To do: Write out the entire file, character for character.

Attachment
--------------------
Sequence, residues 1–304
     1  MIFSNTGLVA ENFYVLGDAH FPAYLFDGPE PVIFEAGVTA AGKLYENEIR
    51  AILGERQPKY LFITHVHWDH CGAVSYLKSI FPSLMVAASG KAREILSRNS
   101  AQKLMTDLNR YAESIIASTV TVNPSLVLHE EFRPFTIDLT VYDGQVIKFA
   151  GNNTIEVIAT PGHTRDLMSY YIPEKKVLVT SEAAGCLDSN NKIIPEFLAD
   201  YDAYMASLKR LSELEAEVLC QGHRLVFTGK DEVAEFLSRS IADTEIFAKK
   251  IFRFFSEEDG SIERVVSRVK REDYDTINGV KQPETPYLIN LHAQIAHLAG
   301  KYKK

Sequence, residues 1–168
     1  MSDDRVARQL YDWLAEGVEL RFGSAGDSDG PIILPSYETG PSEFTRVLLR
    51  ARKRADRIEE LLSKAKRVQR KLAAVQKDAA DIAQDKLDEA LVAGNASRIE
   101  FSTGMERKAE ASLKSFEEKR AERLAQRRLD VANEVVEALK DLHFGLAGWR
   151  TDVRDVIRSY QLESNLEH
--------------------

Sequence, residues 1–304
     1  MIFSNTGLVA ENFYVLGDAH FPAYLFDGPE PVIFEAGVTA AGKLYENEIR
    51  AILGERQPKY LFITHVHWDH CGAVSYLKSI FPSLMVAASG KAREILSRNS
   101  AQKLMTDLNR YAESIIASTV TVNPSLVLHE EFRPFTIDLT VYDGQVIKFA
   151  GNNTIEVIAT PGHTRDLMSY YIPEKKVLVT SEAAGCLDSN NKIIPEFLAD
   201  YDAYMASLKR LSELEAEVLC QGHRLVFTGK DEVAEFLSRS IADTEIFAKK
   251  IFRFFSEEDG SIERVVSRVK REDYDTINGV KQPETPYLIN LHAQIAHLAG
   301  KYKK

Sequence, residues 1–168
     1  MSDDRVARQL YDWLAEGVEL RFGSAGDSDG PIILPSYETG PSEFTRVLLR
    51  ARKRADRIEE LLSKAKRVQR KLAAVQKDAA DIAQDKLDEA LVAGNASRIE
   101  FSTGMERKAE ASLKSFEEKR AERLAQRRLD VANEVVEALK DLHFGLAGWR
   151  TDVRDVIRSY QLESNLEH